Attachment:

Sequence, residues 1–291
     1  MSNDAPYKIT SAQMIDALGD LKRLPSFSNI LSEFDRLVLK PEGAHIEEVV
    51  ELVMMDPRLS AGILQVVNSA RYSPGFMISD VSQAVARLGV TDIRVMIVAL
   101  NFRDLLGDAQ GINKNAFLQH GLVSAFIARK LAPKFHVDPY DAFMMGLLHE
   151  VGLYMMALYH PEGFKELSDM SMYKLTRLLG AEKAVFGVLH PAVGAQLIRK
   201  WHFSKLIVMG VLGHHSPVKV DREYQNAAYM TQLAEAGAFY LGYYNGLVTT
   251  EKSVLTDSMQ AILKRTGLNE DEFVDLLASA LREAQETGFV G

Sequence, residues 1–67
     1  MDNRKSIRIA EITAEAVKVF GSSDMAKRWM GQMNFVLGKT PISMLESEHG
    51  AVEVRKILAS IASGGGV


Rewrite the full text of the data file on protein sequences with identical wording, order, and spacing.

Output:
Sequence, residues 1–291
     1  MSNDAPYKIT SAQMIDALGD LKRLPSFSNI LSEFDRLVLK PEGAHIEEVV
    51  ELVMMDPRLS AGILQVVNSA RYSPGFMISD VSQAVARLGV TDIRVMIVAL
   101  NFRDLLGDAQ GINKNAFLQH GLVSAFIARK LAPKFHVDPY DAFMMGLLHE
   151  VGLYMMALYH PEGFKELSDM SMYKLTRLLG AEKAVFGVLH PAVGAQLIRK
   201  WHFSKLIVMG VLGHHSPVKV DREYQNAAYM TQLAEAGAFY LGYYNGLVTT
   251  EKSVLTDSMQ AILKRTGLNE DEFVDLLASA LREAQETGFV G

Sequence, residues 1–67
     1  MDNRKSIRIA EITAEAVKVF GSSDMAKRWM GQMNFVLGKT PISMLESEHG
    51  AVEVRKILAS IASGGGV